I am thoroughly enjoying The World of Washington Irving, being a huge fan of Irving, but the book’s canvas stretches far beyond, covering a host of other writers from Edgar Allen Poe to James Fenimore Cooper, John James Audubon, William Gilmore Simms, and lesser luminaries whose stars have long since dimmed. There is a treasury of learning here, and it is a pleasure to read.

Van Wyck (rhymes with bike) Brooks was widely lauded during his own day with awards and honorary degrees, but as Patton so rightly noted, all glory is fleeting. When Brooks died in Bridgewater, Connecticut in 1963 at the age of 77, his town decided to build a library wing in his honor. The effort died after ten years of meager fundraising, only to be revived when a California hermit who admired Brooks’s writing left the library $300,000 in his will. The wing was finally dedicated in 1980.

Eighty years ago, with the Nazis rising in Europe and with the world tottering on the brink of madness, critic Malcolm Cowley reviewed The Flowering of New England. In addition to Brooks’s erudition and scholarship, Cowley lauded Brooks for “turning back to the great past in order to see the real nature of the traditions that we are trying to save, and in order to gain new strength for the struggles ahead.”

Gaining new strengths for the struggles ahead, be they against personal demons or the next global firestorm: still one of the best reasons I’ve ever heard for reading books like this, then or now.

What I’m Reading Now: March 27, 2018

Charles Dickens, by Jane Smiley. Penguin Lives Series (Penguin, 2002, pp. 212)

One of the great joys of my life that I look forward to with keen pleasure is continuing to read everything that Charles Dickens wrote. I was introduced to him about ten years ago, the way that anyone should properly be: through Great Expectations and then David Copperfield. I was hooked.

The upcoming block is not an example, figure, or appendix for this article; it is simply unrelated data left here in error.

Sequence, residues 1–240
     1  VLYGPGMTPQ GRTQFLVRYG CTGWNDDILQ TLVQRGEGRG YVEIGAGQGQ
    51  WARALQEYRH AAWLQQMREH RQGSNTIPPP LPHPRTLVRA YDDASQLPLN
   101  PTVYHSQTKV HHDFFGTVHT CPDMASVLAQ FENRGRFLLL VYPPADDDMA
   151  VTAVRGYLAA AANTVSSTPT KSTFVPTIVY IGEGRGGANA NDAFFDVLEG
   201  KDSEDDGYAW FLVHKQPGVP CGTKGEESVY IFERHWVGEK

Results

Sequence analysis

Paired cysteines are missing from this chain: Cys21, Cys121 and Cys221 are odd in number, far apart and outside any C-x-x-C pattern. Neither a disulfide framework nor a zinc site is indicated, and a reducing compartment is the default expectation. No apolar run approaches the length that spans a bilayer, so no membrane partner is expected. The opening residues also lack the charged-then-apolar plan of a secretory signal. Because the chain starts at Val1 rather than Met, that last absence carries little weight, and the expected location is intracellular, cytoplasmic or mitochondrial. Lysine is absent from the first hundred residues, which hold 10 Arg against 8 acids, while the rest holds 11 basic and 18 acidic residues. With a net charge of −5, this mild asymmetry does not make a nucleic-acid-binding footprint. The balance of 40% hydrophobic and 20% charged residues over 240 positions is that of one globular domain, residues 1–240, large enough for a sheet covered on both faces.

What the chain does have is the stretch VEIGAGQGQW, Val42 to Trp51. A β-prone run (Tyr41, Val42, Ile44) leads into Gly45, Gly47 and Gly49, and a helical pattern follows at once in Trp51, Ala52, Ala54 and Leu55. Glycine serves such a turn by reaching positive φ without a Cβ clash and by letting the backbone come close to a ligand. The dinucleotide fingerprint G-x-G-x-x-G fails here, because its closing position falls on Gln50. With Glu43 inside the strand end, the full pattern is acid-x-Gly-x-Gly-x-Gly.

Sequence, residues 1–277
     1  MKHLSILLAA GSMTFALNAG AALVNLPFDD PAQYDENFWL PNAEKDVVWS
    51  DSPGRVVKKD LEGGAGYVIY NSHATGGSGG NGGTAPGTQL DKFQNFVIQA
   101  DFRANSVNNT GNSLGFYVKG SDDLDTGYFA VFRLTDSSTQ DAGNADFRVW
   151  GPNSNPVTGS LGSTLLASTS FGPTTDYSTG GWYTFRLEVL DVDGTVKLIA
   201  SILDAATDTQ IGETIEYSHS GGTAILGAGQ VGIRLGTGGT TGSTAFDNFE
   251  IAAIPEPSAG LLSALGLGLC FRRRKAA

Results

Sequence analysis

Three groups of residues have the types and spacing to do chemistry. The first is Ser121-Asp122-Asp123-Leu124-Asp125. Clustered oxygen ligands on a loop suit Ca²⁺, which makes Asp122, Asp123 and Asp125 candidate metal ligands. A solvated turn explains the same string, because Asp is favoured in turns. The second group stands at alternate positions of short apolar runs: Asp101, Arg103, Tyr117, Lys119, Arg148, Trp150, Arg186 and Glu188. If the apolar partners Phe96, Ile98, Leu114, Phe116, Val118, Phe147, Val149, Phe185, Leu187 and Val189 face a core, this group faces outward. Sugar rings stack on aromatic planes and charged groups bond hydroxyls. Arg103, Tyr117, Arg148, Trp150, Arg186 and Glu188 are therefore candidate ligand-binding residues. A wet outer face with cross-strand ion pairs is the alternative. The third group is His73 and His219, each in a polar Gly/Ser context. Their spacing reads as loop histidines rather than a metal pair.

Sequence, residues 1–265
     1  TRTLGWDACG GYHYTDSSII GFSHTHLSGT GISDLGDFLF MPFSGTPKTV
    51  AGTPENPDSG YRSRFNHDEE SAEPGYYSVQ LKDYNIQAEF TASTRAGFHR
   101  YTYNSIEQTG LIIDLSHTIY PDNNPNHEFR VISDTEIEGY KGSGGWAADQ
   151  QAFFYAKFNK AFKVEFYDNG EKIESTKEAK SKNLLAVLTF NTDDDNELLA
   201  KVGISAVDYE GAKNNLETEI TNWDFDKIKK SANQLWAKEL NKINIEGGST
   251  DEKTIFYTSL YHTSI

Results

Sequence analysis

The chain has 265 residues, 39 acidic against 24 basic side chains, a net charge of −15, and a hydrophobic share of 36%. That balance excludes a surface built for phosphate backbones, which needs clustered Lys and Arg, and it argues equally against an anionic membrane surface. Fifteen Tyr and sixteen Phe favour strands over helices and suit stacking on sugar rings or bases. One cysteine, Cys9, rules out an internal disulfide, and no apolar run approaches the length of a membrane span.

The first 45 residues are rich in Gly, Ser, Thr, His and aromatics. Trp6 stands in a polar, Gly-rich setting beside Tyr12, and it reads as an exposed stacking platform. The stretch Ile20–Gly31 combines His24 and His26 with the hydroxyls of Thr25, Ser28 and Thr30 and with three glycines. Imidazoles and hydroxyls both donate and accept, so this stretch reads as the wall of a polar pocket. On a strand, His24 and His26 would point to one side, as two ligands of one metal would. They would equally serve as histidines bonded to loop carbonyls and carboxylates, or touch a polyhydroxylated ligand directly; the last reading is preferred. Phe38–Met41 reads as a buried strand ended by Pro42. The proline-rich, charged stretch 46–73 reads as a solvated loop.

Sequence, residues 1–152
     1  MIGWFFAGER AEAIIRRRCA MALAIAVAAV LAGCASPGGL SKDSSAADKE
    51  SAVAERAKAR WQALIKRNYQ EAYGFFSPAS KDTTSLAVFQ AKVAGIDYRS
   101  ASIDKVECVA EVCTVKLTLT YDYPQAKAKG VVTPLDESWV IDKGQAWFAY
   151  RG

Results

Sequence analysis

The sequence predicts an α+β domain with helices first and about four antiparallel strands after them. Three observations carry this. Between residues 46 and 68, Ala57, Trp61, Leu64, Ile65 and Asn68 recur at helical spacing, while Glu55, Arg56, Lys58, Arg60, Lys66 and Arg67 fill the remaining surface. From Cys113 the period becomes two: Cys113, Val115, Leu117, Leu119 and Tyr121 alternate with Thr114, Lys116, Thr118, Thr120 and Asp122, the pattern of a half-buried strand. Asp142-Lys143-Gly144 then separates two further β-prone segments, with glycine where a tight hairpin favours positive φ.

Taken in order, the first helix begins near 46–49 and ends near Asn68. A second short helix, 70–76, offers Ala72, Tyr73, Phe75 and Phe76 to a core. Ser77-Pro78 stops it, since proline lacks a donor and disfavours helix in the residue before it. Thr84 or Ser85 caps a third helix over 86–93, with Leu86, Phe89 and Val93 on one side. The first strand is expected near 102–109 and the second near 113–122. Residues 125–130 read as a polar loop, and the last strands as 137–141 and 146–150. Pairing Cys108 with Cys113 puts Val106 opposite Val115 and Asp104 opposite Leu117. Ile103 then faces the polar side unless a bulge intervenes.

The two words that best describe Dickens are genius and energy. Anyone feeling that they’ve over-achieved in life will consider that Dickens wrote The Pickwick Papers when he was 25. Before he was 30 he had added Oliver Twist, Nicholas Nickleby, The Old Curiosity Shop, and Barnaby Rudge. How is that even possible?

He went on to write a total of 15 novels, among the best in the English language, 10 of which are more than 800 pages long. This is on top of his other novels, stories, plays, travel writing, essays, and letters. He edited magazines, gave dramatic performances, speeches, and readings all over the world, walked 10-20 miles a day, while being an insensitive husband and problematic father to ten children. He lived, wrote, and worked at an indefatigable pace before it all suddenly ended with his early death at age 58. A national treasure, he was buried in Poets’ Corner at Westminster Abbey.

There are many gateways into Dickens’s fascinating life, and those who want to dive deep can plunge into Edgar Johnson’s 2-volume Charles Dickens: His Tragedy and Triumph (1953) or Peter Ackroyd’s Dickens (1991), which clocks in at 1,195 pages. For those who prefer biographies that don’t double as doorstops, pick up this slim little volume in the Penguin Lives series.

Author Jane Smiley is no slouch herself, having won a Pulitzer Prize for her 1991 novel, A Thousand Acres. She clearly admires Dickens, and for her readers who are also aspiring writers, this book doubles as a graduate seminar on what novels are and what great novelists aim to achieve. She critically analyzes all of Dickens’s writings and stays close by his desk as he struggles to please his growing audience and feed his growing brood. Along the way, he found a powerful voice that combined, in Smiley’s words, artistic vision with social action and brought that vision to life in some of the most memorable literary characters ever created.

Smiley argues that his only peer among English writers is William Shakespeare, while Claire Tomalin in Charles Dickens: A Life (2011) wrote that only The Bard created more memorable characters than Dickens.

Do yourself a favor and find out if they are right. Make the acquaintance of the Pickwickians, the Artful Dodger, Samuel Weller, and all the rest. The remaining years of your life will thank you for it.

What I’m Reading Now: March 20, 2018

Catch-22, by Joseph Heller (Simon & Schuster, 1961; 50th Anniversary Edition, 2011, 544 pp.)

Two legendary book editors spanned the length of the 20th century: Maxwell Perkins at Scribner’s (1910-1947) and Robert Gottlieb at Simon and Schuster and Knopf (1955-present).